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Comics To Read If You Love The Falcon And The Winter Soldier

The Falcon And The Winter Soldier sees its titular leads confront their pasts as they try to determine their futures. Both Sam Wilson and Bucky Barnes are connected to Captain America, and, crucially, both of them are struggling to define themselves in his absence. Their ties to the man in red, white, and blue are even deeper in the comics: Sam and Bucky have both spent time as Steve Rogers' fighting partner, as solo heroes, and as inheritors of the shield.

They aren't the only characters from the show with fascinating comics exploits to their name, either. S.H.I.E.L.D. agent Sharon Carter is one of Cap's first love interests, and she boasts a wealth of adventures all her own. The MCU's Baron Zemo is significantly different from his comics incarnation, but his pen-and-ink exploits are legendary. John Walker and Lemar Hoskins' spur about as much controversy in the comics as they do on the show when they take on Cap and Bucky's mantles.

Indeed, there's a wide world of comics out there for the curious Falcon and the Winter Soldier fan to explore — and we're here to take a look at the most memorable stories of all. Some of these comics have been directly adapted to the MCU, while others tell radically different stories. All of them, however, provide a deeper understanding of the characters and the Marvel universe — and perhaps provide a preview of stories yet to come.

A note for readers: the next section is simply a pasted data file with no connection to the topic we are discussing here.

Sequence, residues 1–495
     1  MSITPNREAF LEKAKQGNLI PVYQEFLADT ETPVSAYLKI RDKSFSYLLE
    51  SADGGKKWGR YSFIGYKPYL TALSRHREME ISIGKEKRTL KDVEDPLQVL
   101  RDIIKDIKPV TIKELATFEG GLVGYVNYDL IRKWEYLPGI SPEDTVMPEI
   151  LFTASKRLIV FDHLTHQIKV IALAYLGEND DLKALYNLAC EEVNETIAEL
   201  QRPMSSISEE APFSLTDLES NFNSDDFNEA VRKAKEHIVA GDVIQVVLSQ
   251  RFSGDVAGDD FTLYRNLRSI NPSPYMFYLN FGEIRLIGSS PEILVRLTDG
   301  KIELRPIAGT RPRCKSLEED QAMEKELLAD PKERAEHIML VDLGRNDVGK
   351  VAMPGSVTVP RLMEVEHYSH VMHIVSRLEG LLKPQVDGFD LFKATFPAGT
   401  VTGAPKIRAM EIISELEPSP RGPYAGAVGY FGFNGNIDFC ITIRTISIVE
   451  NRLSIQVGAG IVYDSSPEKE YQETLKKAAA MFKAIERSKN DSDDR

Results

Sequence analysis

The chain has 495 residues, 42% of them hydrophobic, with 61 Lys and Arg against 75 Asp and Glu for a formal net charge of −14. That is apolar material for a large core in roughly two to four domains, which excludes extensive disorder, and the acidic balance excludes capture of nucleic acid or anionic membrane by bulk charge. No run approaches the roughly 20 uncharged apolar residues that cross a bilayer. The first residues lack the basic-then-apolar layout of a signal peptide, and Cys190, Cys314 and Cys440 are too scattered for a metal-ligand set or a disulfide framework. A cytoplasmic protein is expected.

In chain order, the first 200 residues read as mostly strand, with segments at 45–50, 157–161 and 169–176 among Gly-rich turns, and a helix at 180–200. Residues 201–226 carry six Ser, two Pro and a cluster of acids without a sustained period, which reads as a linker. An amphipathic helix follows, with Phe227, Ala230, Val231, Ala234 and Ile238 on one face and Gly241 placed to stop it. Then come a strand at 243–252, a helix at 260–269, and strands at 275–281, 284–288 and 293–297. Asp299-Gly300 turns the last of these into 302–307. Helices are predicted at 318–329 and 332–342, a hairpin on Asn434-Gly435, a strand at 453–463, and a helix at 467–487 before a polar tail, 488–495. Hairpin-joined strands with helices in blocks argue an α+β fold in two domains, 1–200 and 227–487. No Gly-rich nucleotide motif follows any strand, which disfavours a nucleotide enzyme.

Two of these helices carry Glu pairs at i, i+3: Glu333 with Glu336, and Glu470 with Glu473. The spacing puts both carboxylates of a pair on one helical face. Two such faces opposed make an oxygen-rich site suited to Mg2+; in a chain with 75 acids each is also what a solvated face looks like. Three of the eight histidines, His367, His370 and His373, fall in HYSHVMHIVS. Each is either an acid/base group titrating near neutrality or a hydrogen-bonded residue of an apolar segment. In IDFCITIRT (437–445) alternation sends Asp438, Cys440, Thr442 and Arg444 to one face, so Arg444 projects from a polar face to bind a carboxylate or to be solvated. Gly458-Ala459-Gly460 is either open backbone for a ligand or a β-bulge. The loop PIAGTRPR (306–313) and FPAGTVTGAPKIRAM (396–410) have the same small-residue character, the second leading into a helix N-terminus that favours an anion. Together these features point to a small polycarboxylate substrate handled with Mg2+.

Captain America: The Winter Soldier (2004)

For over 40 years, one of the unwritten rules of Marvel Comics was that Bucky Barnes should stay dead. Then, in 2004, writer Ed Brubaker and artist Steve Epting broke that rule. The fifth volume of Captain America begins with the Red Skull offering to buy a man in a cryogenic tube from an ex-KGB agent and businessman named Aleksander Lukin, though Lukin refuses. It turns out that he has the legendary Winter Soldier on his hands, a Cold War assassin who is only brought out of his sleep to kill major targets.

The Winter Soldier is, of course, Bucky, who was captured by the Soviets after being thrown from a doomed plane. He's lost an arm, but they've replaced it with a cybernetic model that gets upgraded every few years. Most importantly, Bucky has been brainwashed into obeying his masters and is totally cut off from his old life. When Cap realizes that his old friend is alive but doesn't remember his past, he fights him doggedly while trying to get him to acknowledge his true self. Finally, Cap uses the Cosmic Cube to restore Bucky's memories, making Bucky a hero once again — albeit one who has to contend with a difficult past. This spectacular run is essential reading for anyone even remotely interested in Bucky's long, strange, death-defying story.